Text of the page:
OK, everyone understand spell slots? Sick. Let?s move on ? knowing spells.

Image for post?I?m not saying glowing eyes are always a bad sign, I?m saying they?re usually a bad sign? ? anyone who has ever fought a Sorcerer

?How many spells do I know??

It depends. Some classes know all of their spells. They don?t have any concept of having to learn new spells. A class like this is the Cleric ? a Cleric never needs to actively learn new spells. The entire pool of Cleric spells is available for them to work with.

On the other hand, other classes do need to expressively learn new spells. An example of this is a Wizard ? Wizard?s have their spellbook, and they can only work with spells that they know. Another example would be the Sorcerer ? though they don?t have a spellbook, they have a limited number of spells that they know and thus can make use of. Classes like this learn new spells every time they level up, plus they can sometimes learn new spells via in game actions (for example, a Wizard finding a spell and copying it into her spellbook)

For those classes which expressively do learn new spells each level, the actual process is easy: simply consult the PHB and choose which new spells you want to learn from your classes spell list.

More examples!

Bill is playing Wraxan, a 3rd level Sorcerer.

At 1st Level, Wraxan knew two 1st level spells. Bill chose:

Burning Hands (A 1st level Spell)Mage Armour (A 1st level Spell)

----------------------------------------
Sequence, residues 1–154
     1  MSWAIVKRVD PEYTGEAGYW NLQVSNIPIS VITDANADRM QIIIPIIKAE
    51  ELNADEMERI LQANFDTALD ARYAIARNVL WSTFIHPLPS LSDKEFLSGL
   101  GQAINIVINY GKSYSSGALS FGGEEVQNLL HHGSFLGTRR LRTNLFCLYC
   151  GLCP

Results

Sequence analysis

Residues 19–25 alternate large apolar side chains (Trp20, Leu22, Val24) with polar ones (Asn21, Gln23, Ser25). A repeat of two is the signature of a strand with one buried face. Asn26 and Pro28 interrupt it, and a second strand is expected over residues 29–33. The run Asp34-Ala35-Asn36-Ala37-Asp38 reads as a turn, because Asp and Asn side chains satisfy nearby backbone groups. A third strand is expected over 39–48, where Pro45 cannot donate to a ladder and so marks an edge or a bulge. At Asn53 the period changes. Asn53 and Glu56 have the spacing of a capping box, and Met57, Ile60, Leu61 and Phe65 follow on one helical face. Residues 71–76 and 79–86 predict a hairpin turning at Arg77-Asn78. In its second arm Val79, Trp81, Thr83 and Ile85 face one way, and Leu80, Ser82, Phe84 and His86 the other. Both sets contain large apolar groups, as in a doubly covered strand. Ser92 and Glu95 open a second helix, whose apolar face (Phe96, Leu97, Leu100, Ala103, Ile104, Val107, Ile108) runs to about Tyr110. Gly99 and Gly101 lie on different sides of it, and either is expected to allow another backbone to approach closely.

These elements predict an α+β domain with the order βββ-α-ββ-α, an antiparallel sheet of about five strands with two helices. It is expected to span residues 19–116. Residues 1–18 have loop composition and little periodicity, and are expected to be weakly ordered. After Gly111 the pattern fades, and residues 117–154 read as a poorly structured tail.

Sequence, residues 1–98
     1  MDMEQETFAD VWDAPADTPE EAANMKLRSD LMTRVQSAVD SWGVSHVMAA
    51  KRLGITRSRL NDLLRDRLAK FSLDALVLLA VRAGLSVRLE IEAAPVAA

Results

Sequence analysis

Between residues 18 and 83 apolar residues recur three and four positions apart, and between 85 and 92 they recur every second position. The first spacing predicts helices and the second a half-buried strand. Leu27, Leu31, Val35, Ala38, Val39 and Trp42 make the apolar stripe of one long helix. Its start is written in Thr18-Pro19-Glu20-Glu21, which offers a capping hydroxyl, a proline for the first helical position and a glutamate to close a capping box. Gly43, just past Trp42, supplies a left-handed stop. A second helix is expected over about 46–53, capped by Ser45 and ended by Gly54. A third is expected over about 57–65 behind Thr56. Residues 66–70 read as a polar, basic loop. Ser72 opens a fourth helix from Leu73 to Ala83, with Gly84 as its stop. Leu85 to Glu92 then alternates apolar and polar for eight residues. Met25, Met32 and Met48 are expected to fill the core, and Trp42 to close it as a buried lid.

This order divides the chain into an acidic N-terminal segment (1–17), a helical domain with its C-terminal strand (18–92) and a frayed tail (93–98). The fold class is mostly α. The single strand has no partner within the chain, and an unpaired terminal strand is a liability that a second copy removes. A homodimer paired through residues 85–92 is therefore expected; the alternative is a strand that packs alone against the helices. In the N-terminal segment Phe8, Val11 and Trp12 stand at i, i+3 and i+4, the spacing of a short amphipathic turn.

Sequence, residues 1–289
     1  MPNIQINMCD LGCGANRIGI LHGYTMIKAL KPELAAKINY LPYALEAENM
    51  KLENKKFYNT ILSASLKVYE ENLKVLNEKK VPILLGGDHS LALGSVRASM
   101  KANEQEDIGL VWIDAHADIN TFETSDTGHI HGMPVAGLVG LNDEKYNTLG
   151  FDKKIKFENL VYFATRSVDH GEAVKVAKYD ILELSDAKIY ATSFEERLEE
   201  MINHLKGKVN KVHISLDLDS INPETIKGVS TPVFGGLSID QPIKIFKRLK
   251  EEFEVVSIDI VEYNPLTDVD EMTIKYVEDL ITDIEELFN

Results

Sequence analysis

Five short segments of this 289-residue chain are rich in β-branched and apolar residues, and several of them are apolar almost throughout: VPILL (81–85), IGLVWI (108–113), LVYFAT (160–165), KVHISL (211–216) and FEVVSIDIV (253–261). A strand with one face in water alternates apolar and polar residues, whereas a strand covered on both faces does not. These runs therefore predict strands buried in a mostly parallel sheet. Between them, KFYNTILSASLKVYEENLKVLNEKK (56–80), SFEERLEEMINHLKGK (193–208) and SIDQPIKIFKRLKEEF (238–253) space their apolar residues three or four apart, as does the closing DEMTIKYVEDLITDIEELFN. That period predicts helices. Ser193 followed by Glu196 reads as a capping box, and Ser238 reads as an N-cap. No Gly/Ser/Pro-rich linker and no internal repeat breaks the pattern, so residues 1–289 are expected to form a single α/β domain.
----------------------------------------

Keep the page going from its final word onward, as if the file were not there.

When Wraxan hit 2nd Level, he knew 3 spells. As he still only had access to 1st Level Spell slots (and therefore could only learn 1st Level Spells), Bill chose Witch Bolt (A 1st Level Spell).

As Wraxan hit 3rd level, he gained his first two 2nd level Spell Slots, and he knew 4 spells in total. This means Bill could have chosen another 1st level Spell for Wraxan to learn if he wanted, or his first 2nd level Spell. He decided to go for a 2nd Level Spell, and Wraxan learned Scorching Ray (A 2nd Level Spell).

So, as it stands, Wraxan knows the following spells:

Burning Hands (A 1st Level Spell)Mage Armour (A 1st Level Spell)Witch Bolt (A 1st Level Spell)Scorching Ray (A 2nd Level Spell)

As a 3rd level Sorcerer, Wraxan has four 1st level Spell Slots, and two 2nd level Spell Slots. Therefore, a day of spell casting for Wraxan could look like any one of the following:

  • he ends up needing to cast Burning Hands a whole bunch (hey, Goblins don?t cook themselves). He casts it three times using three 1st Level Spell Slots, then twice more using his two 2nd Level Spell Slots (as Burning Hands gets a nice bonus when cast with a higher level Spell Slot) then finally one more time with his last 1st level Spell Slot. Goblins cooked, he takes a long rest, and gets all his Spell Slots back.
  • he casts Burning Hands, Mage Armour, and Witch Bolt once each, all with 1st level Spell Slots. He ends up not needing to cast any more magic that day. He takes a long rest, and gets all his Spell Slots back in the morning.